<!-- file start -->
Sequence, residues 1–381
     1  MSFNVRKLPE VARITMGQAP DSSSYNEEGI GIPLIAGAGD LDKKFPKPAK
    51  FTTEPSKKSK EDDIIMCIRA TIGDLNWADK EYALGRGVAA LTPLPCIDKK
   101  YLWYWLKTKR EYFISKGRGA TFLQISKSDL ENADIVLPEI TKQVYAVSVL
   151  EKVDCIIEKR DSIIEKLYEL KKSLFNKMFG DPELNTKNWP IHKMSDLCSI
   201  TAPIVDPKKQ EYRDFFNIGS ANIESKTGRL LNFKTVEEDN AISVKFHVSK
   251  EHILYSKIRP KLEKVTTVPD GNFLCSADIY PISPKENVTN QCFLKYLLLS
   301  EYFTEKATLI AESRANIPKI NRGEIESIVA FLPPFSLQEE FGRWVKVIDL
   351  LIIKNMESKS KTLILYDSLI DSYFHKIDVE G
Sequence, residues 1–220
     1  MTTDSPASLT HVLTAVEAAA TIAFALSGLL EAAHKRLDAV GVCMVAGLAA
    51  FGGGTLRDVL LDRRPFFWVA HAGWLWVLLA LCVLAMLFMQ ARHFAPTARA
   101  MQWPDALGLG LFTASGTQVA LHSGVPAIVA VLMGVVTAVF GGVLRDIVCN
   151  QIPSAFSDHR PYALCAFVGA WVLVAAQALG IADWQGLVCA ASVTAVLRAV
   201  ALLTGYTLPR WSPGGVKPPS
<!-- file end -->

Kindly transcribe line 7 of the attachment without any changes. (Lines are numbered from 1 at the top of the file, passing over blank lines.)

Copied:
   251  EHILYSKIRP KLEKVTTVPD GNFLCSADIY PISPKENVTN QCFLKYLLLS